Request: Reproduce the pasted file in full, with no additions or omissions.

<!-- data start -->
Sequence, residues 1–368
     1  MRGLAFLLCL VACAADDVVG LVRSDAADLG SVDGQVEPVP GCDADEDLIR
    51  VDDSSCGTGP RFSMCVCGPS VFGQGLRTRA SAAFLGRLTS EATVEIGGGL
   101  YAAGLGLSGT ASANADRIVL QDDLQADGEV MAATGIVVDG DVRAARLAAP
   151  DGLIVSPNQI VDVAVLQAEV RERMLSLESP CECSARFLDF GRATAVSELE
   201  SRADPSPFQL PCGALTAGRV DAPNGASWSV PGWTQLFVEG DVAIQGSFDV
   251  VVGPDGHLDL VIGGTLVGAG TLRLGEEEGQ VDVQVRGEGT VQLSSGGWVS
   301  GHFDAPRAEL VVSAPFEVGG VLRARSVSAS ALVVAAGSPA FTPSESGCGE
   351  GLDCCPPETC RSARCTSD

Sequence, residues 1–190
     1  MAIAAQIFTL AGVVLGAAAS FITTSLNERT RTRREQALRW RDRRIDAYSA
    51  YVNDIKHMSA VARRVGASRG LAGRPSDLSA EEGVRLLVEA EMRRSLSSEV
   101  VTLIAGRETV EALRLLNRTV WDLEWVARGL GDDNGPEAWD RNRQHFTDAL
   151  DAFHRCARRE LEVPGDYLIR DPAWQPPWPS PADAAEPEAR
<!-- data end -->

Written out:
Sequence, residues 1–368
     1  MRGLAFLLCL VACAADDVVG LVRSDAADLG SVDGQVEPVP GCDADEDLIR
    51  VDDSSCGTGP RFSMCVCGPS VFGQGLRTRA SAAFLGRLTS EATVEIGGGL
   101  YAAGLGLSGT ASANADRIVL QDDLQADGEV MAATGIVVDG DVRAARLAAP
   151  DGLIVSPNQI VDVAVLQAEV RERMLSLESP CECSARFLDF GRATAVSELE
   201  SRADPSPFQL PCGALTAGRV DAPNGASWSV PGWTQLFVEG DVAIQGSFDV
   251  VVGPDGHLDL VIGGTLVGAG TLRLGEEEGQ VDVQVRGEGT VQLSSGGWVS
   301  GHFDAPRAEL VVSAPFEVGG VLRARSVSAS ALVVAAGSPA FTPSESGCGE
   351  GLDCCPPETC RSARCTSD

Sequence, residues 1–190
     1  MAIAAQIFTL AGVVLGAAAS FITTSLNERT RTRREQALRW RDRRIDAYSA
    51  YVNDIKHMSA VARRVGASRG LAGRPSDLSA EEGVRLLVEA EMRRSLSSEV
   101  VTLIAGRETV EALRLLNRTV WDLEWVARGL GDDNGPEAWD RNRQHFTDAL
   151  DAFHRCARRE LEVPGDYLIR DPAWQPPWPS PADAAEPEAR